How about kedgeree for New Year’s Day breakfast? I guess we all have our own recipes, and some people have it more spicy than others, different smoked fish is used, sometimes there are extras like prawns or scallops, some people have it very spicy, some people have the old style curry-powder to just add a background flavour, different things are done with the eggs… It’s origins are from the Indian subcontinent, but it became its own thing in the late 1700’s through to the Victoria age when it became popular as a breakfast item.
I guess the key features are rice, curry flavour, smoked fish and hard-boiled eggs, but I’m looking at a couple of 1930’s recipes; one which is just plain ‘Kedgeree’ has the hard-boiled egg whites chopped up and mixed in with the rice and fish, and the hard coiled yolks crumbled up and sprinkled on top with chopped parsley as a decoration – no curry flavour anywhere! The other recipe for Madras Kedgeree does have curry powder as you can guess from the title, but it is blended with chopped fried onions and tomatoes. Once the onion/tomato/curry has cooked the cooked rice and flaked fish are stirred in (reserving a little rice to serve on the side) and to me it seems more like a fish curry than a kedgeree.
This is my recipe:
- whatever quantity of rice you need for the number of people eating
- smoked fish (probably equivalent weight to that of the uncooked rice) and milk to cook it in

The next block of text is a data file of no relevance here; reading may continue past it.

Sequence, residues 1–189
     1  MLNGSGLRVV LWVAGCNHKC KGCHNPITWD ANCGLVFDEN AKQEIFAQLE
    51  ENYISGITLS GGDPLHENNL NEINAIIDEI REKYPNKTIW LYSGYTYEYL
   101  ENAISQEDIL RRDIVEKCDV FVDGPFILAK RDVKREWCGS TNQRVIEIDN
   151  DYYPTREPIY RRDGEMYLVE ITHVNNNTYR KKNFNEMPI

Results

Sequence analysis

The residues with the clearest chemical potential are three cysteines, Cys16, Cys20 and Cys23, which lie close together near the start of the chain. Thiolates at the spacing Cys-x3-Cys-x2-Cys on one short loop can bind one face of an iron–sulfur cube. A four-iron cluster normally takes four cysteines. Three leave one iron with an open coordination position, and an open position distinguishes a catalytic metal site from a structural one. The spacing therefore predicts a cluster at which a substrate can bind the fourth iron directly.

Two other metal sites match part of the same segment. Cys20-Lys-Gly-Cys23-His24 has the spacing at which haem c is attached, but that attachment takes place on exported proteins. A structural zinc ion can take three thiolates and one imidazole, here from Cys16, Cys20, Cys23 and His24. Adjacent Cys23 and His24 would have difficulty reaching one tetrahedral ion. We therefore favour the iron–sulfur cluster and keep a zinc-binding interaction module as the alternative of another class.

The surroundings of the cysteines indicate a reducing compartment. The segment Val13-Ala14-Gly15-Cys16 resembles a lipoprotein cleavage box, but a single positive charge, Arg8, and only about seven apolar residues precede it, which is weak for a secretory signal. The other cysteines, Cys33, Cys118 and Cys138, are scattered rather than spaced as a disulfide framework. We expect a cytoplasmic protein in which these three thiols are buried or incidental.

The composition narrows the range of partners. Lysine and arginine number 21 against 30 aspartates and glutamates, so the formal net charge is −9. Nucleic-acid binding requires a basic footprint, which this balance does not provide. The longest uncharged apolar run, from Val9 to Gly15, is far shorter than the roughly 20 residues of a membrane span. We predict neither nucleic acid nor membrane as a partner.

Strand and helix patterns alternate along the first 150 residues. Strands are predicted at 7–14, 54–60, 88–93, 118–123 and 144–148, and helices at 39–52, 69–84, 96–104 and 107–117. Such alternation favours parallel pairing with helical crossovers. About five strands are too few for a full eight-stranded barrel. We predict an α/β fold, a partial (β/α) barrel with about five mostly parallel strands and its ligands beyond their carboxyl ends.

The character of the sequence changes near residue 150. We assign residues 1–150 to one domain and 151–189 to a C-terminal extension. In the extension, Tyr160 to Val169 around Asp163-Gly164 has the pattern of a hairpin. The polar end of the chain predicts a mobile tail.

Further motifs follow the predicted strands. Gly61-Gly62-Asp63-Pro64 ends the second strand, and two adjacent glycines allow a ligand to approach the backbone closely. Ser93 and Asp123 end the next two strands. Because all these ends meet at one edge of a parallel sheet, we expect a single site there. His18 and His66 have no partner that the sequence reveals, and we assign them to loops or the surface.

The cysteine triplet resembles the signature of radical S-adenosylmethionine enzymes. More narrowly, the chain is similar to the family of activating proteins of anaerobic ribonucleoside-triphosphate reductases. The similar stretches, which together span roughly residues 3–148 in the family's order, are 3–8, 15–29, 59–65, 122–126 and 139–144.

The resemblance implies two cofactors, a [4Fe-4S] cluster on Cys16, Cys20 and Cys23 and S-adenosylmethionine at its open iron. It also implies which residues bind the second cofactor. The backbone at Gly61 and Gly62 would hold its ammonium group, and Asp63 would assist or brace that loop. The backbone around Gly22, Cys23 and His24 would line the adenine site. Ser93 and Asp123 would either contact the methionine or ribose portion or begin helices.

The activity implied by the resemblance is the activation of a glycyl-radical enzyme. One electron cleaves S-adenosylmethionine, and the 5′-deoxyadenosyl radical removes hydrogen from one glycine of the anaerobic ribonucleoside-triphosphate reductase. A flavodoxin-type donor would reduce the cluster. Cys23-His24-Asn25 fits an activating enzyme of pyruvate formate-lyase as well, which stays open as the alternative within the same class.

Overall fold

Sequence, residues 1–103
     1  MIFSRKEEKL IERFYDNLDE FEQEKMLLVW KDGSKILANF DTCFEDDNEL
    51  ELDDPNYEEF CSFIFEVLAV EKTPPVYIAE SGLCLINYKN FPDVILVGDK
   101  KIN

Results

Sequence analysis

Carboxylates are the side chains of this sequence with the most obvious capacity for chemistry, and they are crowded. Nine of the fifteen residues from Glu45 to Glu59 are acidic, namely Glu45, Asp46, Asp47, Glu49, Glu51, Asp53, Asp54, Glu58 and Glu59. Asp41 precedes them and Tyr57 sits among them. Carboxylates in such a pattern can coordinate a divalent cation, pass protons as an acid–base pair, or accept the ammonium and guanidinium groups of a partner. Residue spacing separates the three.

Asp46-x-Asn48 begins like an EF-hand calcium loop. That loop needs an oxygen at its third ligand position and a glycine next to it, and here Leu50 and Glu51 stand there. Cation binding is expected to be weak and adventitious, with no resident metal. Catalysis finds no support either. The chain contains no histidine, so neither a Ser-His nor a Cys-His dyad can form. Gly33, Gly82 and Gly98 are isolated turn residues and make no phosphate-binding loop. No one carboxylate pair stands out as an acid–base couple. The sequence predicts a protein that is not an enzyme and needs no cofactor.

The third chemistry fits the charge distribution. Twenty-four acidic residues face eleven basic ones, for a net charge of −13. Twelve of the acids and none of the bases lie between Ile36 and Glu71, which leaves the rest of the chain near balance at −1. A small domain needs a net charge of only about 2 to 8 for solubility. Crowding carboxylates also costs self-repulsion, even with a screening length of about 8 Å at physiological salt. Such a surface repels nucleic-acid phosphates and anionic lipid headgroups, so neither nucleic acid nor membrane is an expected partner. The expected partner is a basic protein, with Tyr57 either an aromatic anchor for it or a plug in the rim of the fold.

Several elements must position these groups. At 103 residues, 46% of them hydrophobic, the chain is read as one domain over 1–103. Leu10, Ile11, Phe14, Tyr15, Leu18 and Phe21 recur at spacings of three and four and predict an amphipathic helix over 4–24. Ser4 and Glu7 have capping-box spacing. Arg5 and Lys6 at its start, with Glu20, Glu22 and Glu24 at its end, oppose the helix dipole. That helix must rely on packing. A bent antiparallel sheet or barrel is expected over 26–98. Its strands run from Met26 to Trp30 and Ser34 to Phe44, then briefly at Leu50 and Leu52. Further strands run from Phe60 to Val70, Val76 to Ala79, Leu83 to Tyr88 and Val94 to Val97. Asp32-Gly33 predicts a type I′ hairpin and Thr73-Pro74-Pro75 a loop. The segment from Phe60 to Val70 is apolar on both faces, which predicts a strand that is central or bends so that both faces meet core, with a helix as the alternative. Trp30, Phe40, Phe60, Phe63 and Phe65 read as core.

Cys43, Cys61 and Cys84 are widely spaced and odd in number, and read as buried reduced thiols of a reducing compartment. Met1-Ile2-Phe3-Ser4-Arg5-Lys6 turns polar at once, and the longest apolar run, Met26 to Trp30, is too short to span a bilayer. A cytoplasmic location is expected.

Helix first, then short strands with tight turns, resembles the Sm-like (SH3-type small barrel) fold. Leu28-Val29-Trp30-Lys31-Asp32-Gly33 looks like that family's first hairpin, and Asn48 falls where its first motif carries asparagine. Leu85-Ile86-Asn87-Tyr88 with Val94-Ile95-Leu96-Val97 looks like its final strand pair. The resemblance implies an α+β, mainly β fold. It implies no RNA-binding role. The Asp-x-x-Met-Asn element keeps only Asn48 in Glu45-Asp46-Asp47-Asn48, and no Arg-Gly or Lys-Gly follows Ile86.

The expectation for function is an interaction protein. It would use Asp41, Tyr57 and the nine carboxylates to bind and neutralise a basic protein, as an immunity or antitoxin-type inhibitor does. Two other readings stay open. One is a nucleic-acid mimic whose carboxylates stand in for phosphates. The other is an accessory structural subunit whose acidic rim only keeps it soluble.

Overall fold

- curry powder – for an authentic retro flavour you need basic old-fashioned yellow curry powder – but of course you can use whatever spice mixture you like, as hot or not as you like
- eggs – as many as you have people plus a few extra
- optional chopped onion
- optional sour cream/mayonnaise (this might sound horrid to you, but it’s totally optional!)
- butter (or you can use whatever oil you like but it won’t have the same flavour – you can use ghee but I find its flavour too strong for this)
- chopped fresh parsley/coriander
- while the rice is cooking, cook the smoked fish and boil the eggs
- melt the butter and gently fry the onion if you’re using it, when it’s cooked, add the curry powder/spices and cook them very, very gently
- strain the rice when it’s cooked and add to the onion/curry mix – you might need more butter
- you only need to mix everything through then pour into a warmed serving dish or into individual bowls
- carefully stir through quarters of boiled egg (or eighths if you prefer) and you might like to save an egg to slice and decorate the dish
- put a spoonful or two of cream/mayo on the top, or serve separately
- sprinkle with chopped herbs and paprika
This is nice with crusty bread – a lot of carbs maybe, but sometimes it’s just really satisfying! Bon appetit!